“I would tell [exchange students] to just take every day as it comes, to not get down on themselves if they feel homesick, to be open to all sorts of new experiences, and to try their best to make the most of their time in Montreal,” Scolyer-Gray said. “[Also]. try to get some travelling done on the weekends.”
According to Hayat Hobbi, MISN’s VP Finance, there are many resources available for exchange students. The Fellowship Program and the Buddy Program are just two of McGill’s many resources. McGill also has a counselling service and a Mental Health clinic located in the Brown Student Services Building. MISN’s office in the SSMU building is open daily from 10 a.m. to 6 p.m., where an executive is always able to chat and work through issues, ranging from homesickness to difficulties with plane tickets and phone bills.
On a logistical level, another struggle for many exchanging students was finding accommodation that fit their preferred lifestyle and budget.
McNish remarked that McGill housing administration can be frustrating, because those who wish to live in McGill residences are often given ambiguous offers as late as June. She found it easier to live in the Varcity515, a student residence that offers fully-furnished, utility-included, shared apartments with two to four roommates. With this service, she was able to book her accommodation in advance and find comfort in an assured living space when she arrived at McGill in the fall.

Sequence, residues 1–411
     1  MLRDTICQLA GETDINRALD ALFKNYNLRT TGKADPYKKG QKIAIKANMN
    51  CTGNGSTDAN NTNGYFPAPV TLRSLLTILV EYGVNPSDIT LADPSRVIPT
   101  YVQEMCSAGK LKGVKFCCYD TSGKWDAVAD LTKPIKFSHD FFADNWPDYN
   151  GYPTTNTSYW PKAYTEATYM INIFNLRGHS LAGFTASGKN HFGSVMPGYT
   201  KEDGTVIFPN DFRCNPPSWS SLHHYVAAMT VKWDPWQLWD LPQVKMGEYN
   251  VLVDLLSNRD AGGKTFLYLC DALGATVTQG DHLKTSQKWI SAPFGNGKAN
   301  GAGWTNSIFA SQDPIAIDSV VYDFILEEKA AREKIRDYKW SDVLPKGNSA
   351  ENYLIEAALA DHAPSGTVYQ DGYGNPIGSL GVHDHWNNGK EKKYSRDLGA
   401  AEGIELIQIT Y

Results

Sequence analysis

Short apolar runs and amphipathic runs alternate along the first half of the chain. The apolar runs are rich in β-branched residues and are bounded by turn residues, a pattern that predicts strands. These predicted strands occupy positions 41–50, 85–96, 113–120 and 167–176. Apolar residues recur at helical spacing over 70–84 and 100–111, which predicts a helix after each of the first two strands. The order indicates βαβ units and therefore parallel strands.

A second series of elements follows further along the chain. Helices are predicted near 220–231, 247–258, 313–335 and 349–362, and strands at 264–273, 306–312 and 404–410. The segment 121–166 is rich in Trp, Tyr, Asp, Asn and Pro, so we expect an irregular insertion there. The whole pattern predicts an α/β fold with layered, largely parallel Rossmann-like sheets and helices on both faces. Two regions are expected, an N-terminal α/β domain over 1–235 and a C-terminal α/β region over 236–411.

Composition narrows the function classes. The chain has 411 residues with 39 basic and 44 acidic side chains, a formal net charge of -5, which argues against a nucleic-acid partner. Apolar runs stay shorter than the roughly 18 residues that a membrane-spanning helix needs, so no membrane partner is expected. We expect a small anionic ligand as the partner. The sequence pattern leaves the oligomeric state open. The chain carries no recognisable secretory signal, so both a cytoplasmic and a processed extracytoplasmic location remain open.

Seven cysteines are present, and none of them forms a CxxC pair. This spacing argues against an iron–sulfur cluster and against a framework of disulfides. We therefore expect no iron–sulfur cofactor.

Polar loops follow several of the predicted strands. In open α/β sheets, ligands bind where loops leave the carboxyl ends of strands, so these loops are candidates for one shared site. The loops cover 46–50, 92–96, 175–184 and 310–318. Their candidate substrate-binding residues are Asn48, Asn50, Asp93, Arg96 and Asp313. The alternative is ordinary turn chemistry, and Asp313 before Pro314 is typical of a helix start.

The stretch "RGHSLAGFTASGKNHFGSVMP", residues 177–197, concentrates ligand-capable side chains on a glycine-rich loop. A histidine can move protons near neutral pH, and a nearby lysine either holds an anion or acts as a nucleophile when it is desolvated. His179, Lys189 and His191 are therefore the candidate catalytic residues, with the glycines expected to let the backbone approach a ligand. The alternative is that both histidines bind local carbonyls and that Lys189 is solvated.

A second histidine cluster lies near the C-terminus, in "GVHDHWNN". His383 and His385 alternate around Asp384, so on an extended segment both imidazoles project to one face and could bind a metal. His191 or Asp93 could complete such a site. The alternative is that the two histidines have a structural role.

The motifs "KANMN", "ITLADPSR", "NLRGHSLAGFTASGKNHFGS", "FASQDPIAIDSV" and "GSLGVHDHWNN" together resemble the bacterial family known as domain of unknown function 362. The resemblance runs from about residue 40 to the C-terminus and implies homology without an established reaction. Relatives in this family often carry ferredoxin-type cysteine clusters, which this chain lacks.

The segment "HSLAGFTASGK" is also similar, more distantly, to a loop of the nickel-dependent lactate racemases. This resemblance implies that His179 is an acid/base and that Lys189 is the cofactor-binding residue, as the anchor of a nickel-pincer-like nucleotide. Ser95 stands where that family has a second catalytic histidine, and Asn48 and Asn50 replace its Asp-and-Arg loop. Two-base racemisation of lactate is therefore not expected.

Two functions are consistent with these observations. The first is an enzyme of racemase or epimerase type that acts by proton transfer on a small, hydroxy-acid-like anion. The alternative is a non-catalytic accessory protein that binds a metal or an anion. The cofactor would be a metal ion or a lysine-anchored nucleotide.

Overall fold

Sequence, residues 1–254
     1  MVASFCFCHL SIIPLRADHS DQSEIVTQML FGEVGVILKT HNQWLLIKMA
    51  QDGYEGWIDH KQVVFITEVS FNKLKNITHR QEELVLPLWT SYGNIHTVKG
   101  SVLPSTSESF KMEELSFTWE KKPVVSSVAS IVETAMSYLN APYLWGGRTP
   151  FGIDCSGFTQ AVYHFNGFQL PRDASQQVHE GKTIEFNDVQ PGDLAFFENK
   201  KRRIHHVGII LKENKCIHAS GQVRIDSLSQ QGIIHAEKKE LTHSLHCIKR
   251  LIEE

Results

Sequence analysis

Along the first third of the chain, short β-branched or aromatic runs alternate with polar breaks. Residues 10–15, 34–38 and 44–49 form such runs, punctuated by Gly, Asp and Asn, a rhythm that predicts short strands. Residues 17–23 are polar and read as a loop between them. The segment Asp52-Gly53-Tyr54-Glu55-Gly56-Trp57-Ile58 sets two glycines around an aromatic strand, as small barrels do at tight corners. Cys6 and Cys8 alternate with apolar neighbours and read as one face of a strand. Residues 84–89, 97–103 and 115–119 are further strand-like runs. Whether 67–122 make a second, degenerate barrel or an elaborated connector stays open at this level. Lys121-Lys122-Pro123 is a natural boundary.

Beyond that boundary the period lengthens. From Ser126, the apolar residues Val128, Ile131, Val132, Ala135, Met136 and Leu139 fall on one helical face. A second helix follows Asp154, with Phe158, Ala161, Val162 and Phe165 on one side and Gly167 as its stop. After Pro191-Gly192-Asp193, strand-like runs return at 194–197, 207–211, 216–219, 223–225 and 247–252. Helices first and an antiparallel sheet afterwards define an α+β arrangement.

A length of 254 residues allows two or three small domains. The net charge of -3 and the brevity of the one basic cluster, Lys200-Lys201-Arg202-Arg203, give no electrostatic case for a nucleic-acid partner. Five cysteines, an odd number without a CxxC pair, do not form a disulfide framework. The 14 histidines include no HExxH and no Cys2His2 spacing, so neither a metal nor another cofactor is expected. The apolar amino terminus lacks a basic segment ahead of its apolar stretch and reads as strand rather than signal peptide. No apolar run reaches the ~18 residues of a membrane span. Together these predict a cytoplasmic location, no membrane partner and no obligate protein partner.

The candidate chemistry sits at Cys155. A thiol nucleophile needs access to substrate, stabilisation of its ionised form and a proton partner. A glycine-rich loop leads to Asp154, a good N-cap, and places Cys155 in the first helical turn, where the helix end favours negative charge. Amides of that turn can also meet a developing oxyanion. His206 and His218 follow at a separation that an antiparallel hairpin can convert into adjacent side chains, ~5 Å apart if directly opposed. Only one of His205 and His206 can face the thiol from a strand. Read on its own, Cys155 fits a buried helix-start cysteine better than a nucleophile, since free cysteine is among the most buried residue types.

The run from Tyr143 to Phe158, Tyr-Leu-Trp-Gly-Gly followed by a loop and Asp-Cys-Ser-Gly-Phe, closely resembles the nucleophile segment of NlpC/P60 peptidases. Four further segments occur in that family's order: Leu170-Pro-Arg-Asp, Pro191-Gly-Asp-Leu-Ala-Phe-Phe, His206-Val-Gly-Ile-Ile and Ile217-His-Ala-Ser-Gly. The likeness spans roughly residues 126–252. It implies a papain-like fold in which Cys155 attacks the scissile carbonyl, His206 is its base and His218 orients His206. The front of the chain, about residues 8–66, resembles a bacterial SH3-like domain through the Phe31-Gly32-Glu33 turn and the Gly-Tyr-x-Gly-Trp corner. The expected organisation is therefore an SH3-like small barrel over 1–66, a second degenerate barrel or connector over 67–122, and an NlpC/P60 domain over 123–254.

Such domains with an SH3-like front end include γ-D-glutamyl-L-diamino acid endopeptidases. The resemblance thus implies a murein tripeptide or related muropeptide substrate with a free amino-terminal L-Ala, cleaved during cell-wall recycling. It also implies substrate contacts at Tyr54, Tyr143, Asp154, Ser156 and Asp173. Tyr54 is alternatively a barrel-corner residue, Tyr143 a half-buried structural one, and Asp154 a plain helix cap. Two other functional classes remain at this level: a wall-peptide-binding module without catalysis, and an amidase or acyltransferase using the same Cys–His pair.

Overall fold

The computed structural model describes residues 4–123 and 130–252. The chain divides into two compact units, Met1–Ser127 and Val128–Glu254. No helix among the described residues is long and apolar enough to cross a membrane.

Other students, such as Palos, who also noted the difficult accommodation situation, turned to companies like Sherpal, which acts as a middle-man between international students and landlords. Students are grouped with other international students, and take a full-day tour of over 20 apartments where they have the opportunity to sign leases on the same day. According to Palos, he found this service useful not only due to its ability to provide apartments; the social aspect of the process created a great way to meet roommates, and was in fact how he found his current roommates. As a member of the MISN, Palos is looking into creating a partnership between MISN and Sherpal in the upcoming semester.
Aside from finding accommodation, another struggle can be acclimatizing to the Montreal weather. However, despite the harsh cold of the city, advice from last semester’s exchange students included taking advantage of Montreal’s beautiful scenery and cultural life.
“Montreal is a beautiful city with great food, culture and a fantastic nightlife,” Scolyer-Gray said. “I think Old Port is the most picturesque part, but Mount Royal is also beautiful, and everything was gorgeous during the fall.”
Exchange is a great way to challenge oneself by being immersed in a foreign environment, meeting people from across the world, and perhaps even learning a new language. While things like the food or the weather may take some time to get used to, most exchange students agree that the memories, friends, and lessons learned made it definitely worthwhile. However, it is the effort that one puts in to discover the Montreal and McGill community that defines the experience for many exchange students. With the plethora of opportunities available for exchange students, a new semester is the perfect opportunity to create memorable and life-changing moments within McGill and Montreal.